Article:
For the above reasons the superior court did not err in deducting forty percent in fees from the state’s portion of the punitive damages award.

III.The State Should Be Given Credit for the Enhanced Fee Awarded toAnderson under Civil Rule 68.

Civil Rule 68 provides for enhanced fees when an offer of judgment is made prior to trial and the judgment finally rendered is less favorable to the offeree than the offer. Rule 68 was applied in Anderson’s case and she received a fee award against the association and Merculief for the substantial sum of $228,882.75. The state argued before the superior court that it should receive some benefit from this award, assuming that its portion of the punitive damage award was subject to a reduction for attorney’s fees. The superior court rejected this contention.

The state’s argument is that it “will be paying a substantial portion of Anderson’s attorney’s fees that are then being reimbursed, at least in part, by the award of enhanced fees. . . .” The state thus seeks a pro-rata reduction in the fees that it must pay to Anderson’s attorney under the contingent fee contract.

I believe that the state is correct in this argument. The contingent fee that is to be deducted from the state’s portion of the punitive damages award should be the actual percentage paid by the plaintiff as attorney’s fees. When the plaintiff receives a substantial award of attorney’s fees from the defendant, the actual percentage of fees that she must pay becomes lower than the percentage stated in the contingent fee contract. It seems correct that the state should have to pay no more than the effective rate for fees paid by the plaintiff, as distinct from the contractually stated fee.

I therefore would remand this aspect of the case to the superior court to determine the effective rate of the contingent fee that Anderson must pay and to apply that rate to the state’s portion of the punitive damages award.[fn62]

[fn1] Central Bering Sea Fishermen’s Ass’n v. Anderson, 54 P.3d 271
(Alaska 2002).

[fn2] AS 09.17.020(j) provides:

If a person receives an award of punitive damages, the court shall require that 50 percent of the award be deposited into the general fund of the state. This subsection does not grant the state the right to file or join a civil action to recover punitive damages.

[fn3] AS 09.60.080 provides:

If an attorney contracts for or collects a contingency fee in connection with an action for personal injury, death, or property damage and the damages awarded by a court or jury include an award of punitive damages, the contingent fee due the attorney shall be calculated before that portion of punitive damages due the state under AS 09.17.020(j) has been deducted from the total award of damages.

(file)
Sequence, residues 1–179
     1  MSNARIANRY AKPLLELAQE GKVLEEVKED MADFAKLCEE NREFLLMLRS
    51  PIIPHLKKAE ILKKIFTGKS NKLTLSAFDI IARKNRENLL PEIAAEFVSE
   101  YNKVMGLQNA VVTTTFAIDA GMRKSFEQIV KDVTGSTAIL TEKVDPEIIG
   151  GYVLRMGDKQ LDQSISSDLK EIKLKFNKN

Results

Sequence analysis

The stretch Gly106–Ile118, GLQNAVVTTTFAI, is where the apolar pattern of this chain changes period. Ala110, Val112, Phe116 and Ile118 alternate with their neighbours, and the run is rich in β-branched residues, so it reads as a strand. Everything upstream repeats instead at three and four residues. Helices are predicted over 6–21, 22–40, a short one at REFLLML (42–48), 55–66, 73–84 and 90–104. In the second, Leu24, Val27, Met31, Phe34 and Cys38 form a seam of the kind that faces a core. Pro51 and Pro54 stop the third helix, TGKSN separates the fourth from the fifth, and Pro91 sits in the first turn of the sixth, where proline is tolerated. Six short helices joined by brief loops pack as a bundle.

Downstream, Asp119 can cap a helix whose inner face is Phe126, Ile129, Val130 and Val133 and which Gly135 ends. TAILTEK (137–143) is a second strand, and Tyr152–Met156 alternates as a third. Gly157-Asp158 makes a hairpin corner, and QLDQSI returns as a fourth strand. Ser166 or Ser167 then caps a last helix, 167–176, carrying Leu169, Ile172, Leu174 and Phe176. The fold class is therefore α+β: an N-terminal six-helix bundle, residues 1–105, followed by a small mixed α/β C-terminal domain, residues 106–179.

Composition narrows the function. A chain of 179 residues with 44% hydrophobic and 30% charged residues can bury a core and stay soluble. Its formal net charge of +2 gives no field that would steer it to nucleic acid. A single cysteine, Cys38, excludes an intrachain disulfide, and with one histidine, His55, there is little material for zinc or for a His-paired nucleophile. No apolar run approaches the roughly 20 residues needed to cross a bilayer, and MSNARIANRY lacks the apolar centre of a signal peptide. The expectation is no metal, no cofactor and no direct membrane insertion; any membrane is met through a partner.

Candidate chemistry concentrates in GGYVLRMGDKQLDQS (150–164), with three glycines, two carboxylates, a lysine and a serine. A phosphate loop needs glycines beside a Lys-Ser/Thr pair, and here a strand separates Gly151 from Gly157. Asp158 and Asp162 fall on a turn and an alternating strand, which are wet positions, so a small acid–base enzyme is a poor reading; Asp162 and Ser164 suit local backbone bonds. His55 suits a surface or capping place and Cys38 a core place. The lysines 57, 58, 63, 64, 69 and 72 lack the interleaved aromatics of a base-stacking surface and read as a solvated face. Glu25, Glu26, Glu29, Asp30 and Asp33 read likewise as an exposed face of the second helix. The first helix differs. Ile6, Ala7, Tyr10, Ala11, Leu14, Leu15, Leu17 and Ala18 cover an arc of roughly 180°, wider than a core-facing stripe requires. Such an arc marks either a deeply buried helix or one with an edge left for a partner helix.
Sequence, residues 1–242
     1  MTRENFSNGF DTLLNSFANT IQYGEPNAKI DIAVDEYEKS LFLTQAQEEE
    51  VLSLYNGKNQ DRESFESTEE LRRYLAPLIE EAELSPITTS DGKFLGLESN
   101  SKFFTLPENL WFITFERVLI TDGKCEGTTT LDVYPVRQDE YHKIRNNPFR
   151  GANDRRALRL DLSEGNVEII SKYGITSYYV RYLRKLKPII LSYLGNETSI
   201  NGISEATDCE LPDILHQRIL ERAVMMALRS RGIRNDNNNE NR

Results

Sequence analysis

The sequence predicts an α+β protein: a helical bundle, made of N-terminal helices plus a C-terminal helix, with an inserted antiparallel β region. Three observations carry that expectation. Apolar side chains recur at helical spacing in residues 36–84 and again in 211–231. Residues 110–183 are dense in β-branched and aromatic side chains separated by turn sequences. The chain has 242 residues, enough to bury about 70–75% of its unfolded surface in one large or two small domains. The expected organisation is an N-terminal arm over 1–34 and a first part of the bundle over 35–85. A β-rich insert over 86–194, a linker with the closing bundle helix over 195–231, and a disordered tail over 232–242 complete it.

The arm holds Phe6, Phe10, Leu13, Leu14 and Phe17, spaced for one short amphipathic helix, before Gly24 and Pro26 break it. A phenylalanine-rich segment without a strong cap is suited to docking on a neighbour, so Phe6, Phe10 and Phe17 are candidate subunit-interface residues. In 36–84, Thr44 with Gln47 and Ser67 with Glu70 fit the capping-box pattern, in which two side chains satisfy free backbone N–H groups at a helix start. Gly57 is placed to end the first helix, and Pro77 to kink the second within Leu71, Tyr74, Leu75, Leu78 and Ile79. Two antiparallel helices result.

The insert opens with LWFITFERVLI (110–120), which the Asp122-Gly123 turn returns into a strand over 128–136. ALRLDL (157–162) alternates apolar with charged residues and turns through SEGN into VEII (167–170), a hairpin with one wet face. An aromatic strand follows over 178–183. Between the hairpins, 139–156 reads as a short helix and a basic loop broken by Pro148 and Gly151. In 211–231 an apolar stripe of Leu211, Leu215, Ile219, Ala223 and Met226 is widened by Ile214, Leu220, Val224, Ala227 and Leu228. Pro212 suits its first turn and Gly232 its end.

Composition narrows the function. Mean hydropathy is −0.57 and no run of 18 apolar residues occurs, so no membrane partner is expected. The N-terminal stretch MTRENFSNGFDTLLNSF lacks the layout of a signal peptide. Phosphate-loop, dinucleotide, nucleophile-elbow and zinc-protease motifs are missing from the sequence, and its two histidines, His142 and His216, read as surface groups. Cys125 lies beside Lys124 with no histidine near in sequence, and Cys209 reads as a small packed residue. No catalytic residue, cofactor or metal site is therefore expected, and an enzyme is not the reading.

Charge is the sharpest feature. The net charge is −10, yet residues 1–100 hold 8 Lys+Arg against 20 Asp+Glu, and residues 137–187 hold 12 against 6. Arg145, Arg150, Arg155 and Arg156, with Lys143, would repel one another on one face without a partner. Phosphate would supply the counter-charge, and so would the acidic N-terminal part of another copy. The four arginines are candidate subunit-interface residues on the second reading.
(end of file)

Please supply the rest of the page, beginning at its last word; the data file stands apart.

[fn4] Anderson argues that the question of awarding attorney’s fees — and the impact of that award on the state’s allocation of punitive damages — is an “[issue] related to the award of attorney’s fees,” subject to the abuse of discretion standard. As the state points out, however, “[t]he superior court’s rulings [with respect to AS09.60.080] did not involve a determination of the `prevailing party’ or the proper amount of attorney’s fees under Alaska Civil Rule 82.” Instead, the court was asked to determine the meaning of AS 09.60.080. Thus, we use a de novo, and not an abuse of discretion, standard.

[fn5] State v. Alaska Civil Liberties Union, 978 P.2d 597, 603 (Alaska 1999); Sauve v. Winfree, 907 P.2d 7, 9 (Alaska 1995).

[fn6] Jaso v. McCarthy, 923 P.2d 795, 801 (Alaska 1996); KL Distrib.,Inc. v. Kelly Elec., Inc., 908 P.2d 429, 431 (Alaska 1995).

[fn7] Reeves v. Alyeska Pipeline Serv. Co., 56 P.3d 660 n. 1 (Alaska 2002).

[fn8] Id.

[fn9] John’s Heating Serv. v. Lamb, 46 P.3d 1024, 1041 (Alaska 2002).

[fn10] 56 P.3d 1046 (Alaska 2002).

[fn11] Id. at 1057.

[fn12] Id. at 1057-59.

[fn13] Id. at 1075-79 (Bryner, J., dissenting).

[fn14] Alaska Const. art. I, §§ 1, 7, 18.

[fn15] U.S. Const. amend. V, XIV, § 1.

[fn16] Anderson cites Ehrlander v. State, Dep’t of Transp. Pub.Facilities, 797 P.2d 629, 633 (Alaska 1990), for this proposition.

[fn17] Patrick v. Lynden Transport, Inc., 765 P.2d 1375, 1378 (Alaska 1988).

[fn18] See Norcon, Inc. v. Kotowski, 971 P.2d 158, 175 n. 21 (Alaska 1999) (AS 09.17.020 does not apply to any cases before August 7, 1997, because of express legislative intent, but applies to all cases after that date).

[fn19] Duke Power Co. v. Carolina Envtl. Study Group, Inc., 438 U.S. 59,88 n. 32 (1978) (citations omitted).

[fn20] Board of Regents of State Colls. v. Roth, 408 U.S. 564, 577

[fn21] 467 U.S. 986, 1001 (1984).

[fn22] Id. at 1003-04.

[fn23] Id. at 1006-07.

[fn24] 834 P.2d 134 (Alaska 1991).

[fn25] Id. at 139.

[fn26] 973 P.2d 570, 576 (Alaska 1999).

[fn27] See Gordon v. State, 608 So.2d 800, 801-02 (Fla. 1992); MackTrucks, Inc. v. Conkle, et al., 436 S.E.2d 635, 639 (Ga. 1993); ShepherdComponents, Inc. v. Brice Petrides-Donohue Assoc., Inc.,473 N.W.2d 612, 619 (Iowa 1991); Fust v. Attorney General, 947 S.W.2d 424,431 (Mo. 1997); DeMendoza v. Huffman, 51 P.3d 1232, 1234 (Or. 2002).

[fn28] 818 P.2d 262, 267-70 (Colo. 1991).